Corn, soybean and wheat prices plummeted on Friday as the United States Department of Agriculture delivered some bearish data in the latest World Agricultural Supply and Demand Estimates (WASDE) report. Projections for a record corn yield in the U.S. and a significant boost to the soybean ending stocks had the markets reeling. After the dust settled, corn and wheat suffered double-digit losses, while soybean futures were down more than 40 cents, falling by almost 5% from the previous day.
The USDA raised its U.S. corn production forecast to 14.6 billion bushels, up 356 million from the July projection. The hefty increase stems from the season’s first survey-based corn yield forecast, which pegs the yield at a record 178.4 bushels per acre, 4.4 bushels higher than last month’s trend-based projection. The production estimate, however, is less than one per cent lower than last year. The report indicates that Illinois, Indiana, Nebraska, Ohio, North Dakota, and South Dakota are forecast to have yields above a year ago. The yield for Iowa is unchanged relative to last year, while Missouri, Minnesota, and Kansas are forecast below a year ago.
Exports are raised, which the USDA says reflects U.S. export competitiveness and expectations of reduced competition from Brazil. But with supply rising faster than use, ending stocks are estimated at close to 1.7 billion bushels, 132 million higher than the July projection.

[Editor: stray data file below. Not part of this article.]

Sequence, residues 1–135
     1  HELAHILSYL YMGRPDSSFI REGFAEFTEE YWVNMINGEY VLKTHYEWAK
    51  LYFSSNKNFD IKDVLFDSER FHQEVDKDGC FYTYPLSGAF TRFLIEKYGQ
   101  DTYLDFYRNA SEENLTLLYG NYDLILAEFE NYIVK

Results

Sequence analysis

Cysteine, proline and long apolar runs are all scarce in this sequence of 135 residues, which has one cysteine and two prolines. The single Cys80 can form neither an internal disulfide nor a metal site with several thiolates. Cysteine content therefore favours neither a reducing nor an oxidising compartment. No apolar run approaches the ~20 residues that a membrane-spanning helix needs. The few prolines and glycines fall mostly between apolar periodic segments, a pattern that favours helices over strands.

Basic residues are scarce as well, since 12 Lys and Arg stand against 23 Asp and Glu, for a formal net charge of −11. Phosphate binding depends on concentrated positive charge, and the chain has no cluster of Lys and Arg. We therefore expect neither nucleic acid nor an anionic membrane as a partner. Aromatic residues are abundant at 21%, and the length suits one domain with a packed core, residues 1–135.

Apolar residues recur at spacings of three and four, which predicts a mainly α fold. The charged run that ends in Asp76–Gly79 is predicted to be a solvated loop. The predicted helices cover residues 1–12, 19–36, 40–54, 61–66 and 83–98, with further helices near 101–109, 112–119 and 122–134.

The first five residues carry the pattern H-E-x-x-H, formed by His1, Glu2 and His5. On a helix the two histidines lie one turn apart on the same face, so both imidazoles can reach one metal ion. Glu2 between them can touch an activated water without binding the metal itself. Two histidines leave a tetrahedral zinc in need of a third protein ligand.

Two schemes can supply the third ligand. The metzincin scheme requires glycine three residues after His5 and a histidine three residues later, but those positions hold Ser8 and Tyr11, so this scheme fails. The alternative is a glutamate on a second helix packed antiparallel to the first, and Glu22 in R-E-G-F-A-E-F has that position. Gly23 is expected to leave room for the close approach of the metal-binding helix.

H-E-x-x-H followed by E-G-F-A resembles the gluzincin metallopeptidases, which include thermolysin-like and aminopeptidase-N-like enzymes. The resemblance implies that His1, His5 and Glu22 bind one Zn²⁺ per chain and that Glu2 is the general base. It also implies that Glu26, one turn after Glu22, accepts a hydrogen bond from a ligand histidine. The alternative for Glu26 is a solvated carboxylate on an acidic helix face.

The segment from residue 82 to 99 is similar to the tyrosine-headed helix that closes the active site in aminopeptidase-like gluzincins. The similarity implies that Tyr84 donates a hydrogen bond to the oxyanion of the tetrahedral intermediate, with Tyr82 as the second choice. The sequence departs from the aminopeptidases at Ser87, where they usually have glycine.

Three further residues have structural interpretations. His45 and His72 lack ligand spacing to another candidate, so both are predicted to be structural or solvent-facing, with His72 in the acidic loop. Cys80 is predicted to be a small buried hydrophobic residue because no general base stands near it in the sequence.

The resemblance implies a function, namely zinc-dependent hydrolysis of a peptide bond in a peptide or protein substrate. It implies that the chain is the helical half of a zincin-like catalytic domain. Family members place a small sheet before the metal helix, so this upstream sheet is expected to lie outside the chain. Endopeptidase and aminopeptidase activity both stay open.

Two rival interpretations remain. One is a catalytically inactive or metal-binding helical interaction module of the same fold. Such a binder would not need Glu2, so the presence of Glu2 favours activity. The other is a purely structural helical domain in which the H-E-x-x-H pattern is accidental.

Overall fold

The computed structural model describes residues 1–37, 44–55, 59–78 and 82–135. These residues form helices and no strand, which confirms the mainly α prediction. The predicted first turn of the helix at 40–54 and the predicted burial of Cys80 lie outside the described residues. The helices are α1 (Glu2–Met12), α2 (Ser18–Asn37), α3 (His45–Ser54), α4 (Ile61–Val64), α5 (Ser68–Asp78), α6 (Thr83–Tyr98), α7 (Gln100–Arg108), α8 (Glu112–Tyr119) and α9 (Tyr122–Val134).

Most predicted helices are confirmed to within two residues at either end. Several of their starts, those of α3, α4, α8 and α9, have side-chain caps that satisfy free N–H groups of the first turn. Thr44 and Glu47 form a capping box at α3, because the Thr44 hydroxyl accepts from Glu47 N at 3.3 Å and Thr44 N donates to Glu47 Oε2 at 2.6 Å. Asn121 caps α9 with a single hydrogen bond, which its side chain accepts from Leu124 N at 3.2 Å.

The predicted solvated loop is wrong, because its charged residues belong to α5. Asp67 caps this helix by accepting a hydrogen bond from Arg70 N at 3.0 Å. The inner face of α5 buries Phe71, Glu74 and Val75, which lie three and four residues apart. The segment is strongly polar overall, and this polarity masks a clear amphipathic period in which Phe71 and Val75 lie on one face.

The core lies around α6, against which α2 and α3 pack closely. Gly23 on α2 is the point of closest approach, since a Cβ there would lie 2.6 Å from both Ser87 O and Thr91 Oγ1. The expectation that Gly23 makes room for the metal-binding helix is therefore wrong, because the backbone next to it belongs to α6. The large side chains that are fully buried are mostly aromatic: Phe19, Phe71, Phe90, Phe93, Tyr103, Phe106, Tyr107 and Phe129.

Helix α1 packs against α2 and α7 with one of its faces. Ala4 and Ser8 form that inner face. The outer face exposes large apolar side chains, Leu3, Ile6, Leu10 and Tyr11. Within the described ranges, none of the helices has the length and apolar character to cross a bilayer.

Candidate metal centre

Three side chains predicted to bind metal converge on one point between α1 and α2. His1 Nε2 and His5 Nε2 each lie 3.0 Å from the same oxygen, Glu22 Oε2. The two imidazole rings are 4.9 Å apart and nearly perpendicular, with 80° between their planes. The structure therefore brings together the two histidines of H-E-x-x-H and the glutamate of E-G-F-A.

The USDA is also boosting its prediction for U.S. soybean yields. The projection is now 51.6 bushels per acre, 3.1 bushels above last month and 2.5 bushels above last year. As a result, soybean production is forecast at close to 4.6 billion bushels, up 276 million from the July estimate and up 4 per cent from last year. With larger supplies, estimates for crush and exports are raised 15 and 20 million bushels, respectively. Ending stocks are projected at 785 million bushels, up 205 million from last month.
For wheat, the USDA lowered its production estimate by 4 million bushels to 1.877 billion on a slight reduction in winter wheat, durum, and other spring wheat production as indicated in the August crop production report from the National Agricultural Statistics Service.
Projected 2018/19 ending stocks are reduced 50 million bushels to 935 million, down 15 per cent from last year. Despite the outlook for lower production and stockpiles, wheat prices lost ground as the numbers weren’t as low as expected.